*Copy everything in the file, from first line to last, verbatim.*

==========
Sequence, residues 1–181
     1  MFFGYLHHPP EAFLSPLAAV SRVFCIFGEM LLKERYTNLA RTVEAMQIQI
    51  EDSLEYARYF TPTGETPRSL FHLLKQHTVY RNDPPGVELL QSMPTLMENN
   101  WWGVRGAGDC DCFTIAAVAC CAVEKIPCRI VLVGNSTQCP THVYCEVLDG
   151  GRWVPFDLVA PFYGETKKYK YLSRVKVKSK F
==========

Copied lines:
Sequence, residues 1–181
     1  MFFGYLHHPP EAFLSPLAAV SRVFCIFGEM LLKERYTNLA RTVEAMQIQI
    51  EDSLEYARYF TPTGETPRSL FHLLKQHTVY RNDPPGVELL QSMPTLMENN
   101  WWGVRGAGDC DCFTIAAVAC CAVEKIPCRI VLVGNSTQCP THVYCEVLDG
   151  GRWVPFDLVA PFYGETKKYK YLSRVKVKSK F